The appropriateness of the above accelerations shall be confirmed by the geotechnical engineer based on the actual site characteristics. Reduction in the above values may be considered when supported by the appropriate analytical evidence. Slope stability, lateral pressures, and liquefaction of the site shall be assessed by using subsurface soil, rock and groundwater conditions, as well as the seismic parameters discussed above.

3.    Recommendations on Relative Site Stability. The geotechnical engineer shall make recommendations as to which portion of the site is the least prone to instability and the preferred location of the structure. The limits of any area proposed for grading activity shall be identified.

4.    Construction Season Limitation. In general, no excavation will be permitted in landslide-prone geologically hazardous areas during the typically wet winter months. When excavation is proposed, including the maintenance of open temporary slopes, between October 1st and April 30th, technical analysis shall be provided to ensure that no environmental harm, threat to adjacent properties, or safety issues would result. In addition, recommendations for temporary erosion control and shoring/mitigating measures shall be provided. The technical analysis shall consist of plans showing mitigation techniques and a technical memorandum from the geotechnical engineer.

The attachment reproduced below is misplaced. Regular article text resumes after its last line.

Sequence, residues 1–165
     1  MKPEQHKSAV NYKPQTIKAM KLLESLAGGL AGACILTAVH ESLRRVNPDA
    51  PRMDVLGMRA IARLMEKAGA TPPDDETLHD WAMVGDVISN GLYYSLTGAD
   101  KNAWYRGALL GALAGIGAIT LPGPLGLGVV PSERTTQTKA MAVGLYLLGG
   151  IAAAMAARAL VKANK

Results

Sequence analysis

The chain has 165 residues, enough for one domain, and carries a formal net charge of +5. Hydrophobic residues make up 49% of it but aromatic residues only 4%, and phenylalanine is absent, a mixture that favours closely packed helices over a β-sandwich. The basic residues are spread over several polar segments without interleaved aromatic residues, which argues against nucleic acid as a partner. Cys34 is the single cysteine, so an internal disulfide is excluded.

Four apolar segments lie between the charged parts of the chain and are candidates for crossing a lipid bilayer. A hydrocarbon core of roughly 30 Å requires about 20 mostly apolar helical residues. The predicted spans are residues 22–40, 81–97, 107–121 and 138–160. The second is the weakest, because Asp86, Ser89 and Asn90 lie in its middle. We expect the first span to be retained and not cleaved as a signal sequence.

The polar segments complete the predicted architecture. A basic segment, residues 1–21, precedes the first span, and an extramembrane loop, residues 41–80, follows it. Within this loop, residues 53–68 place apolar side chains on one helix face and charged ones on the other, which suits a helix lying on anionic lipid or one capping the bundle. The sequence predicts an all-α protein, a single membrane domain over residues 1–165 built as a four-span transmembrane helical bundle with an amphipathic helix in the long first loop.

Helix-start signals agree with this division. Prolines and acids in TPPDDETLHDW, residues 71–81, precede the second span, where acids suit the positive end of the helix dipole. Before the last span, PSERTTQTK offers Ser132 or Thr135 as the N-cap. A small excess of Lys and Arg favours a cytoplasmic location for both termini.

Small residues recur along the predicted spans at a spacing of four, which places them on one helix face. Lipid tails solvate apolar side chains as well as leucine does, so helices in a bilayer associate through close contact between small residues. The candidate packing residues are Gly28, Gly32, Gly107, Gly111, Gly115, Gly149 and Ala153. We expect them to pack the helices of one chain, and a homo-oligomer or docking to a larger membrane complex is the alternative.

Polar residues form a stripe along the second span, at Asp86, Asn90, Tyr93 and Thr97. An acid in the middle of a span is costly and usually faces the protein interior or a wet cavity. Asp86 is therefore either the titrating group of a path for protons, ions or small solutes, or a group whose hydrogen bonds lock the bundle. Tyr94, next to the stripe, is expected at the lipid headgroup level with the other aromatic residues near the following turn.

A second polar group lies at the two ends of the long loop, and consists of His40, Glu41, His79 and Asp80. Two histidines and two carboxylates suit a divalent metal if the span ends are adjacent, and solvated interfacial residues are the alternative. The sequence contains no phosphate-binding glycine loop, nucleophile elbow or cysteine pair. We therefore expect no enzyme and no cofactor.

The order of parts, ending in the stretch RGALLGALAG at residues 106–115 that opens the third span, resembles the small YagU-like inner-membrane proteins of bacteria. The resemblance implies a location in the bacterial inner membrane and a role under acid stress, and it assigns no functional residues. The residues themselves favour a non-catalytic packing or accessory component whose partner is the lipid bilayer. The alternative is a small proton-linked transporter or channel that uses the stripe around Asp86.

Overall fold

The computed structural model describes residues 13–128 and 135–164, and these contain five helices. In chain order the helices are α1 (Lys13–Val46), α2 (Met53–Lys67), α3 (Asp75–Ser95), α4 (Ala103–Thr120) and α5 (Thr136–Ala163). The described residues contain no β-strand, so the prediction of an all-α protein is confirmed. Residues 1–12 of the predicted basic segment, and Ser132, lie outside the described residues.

5.    Revisions to Geotechnical Report. Further recommendations shall be provided by the geotechnical engineer should there be additions or exceptions to the original recommendations based on the plans, site conditions, or other supporting data. If the geotechnical engineer who revises the plans and specifications is not the same engineer who prepared the geotechnical report, the new engineer shall, in a letter to the department, express his or her agreement or disagreement with the recommendations in the geotechnical report and state whether the plans and specifications conform to his or her recommendations.

6.    Plan and Specification Review. The geotechnical engineer shall submit a statement that in his or her judgment, the plans and specifications (if prepared by others) conform to the recommendations in the geotechnical report and that all portions of the site which are disturbed or impacted by the proposed development have appropriate measures or specifications that permit construction to occur while addressing slope stability so that the work does not create additional risk. The statement shall also indicate whether or not a relative gain in slope stability will be achieved after construction is complete.

7.    Construction Inspection. A final inspection report shall be provided by the geotechnical engineer stating that construction has or has not implemented the design recommendations of the geotechnical report, and evaluating of any deviation from the design recommendations.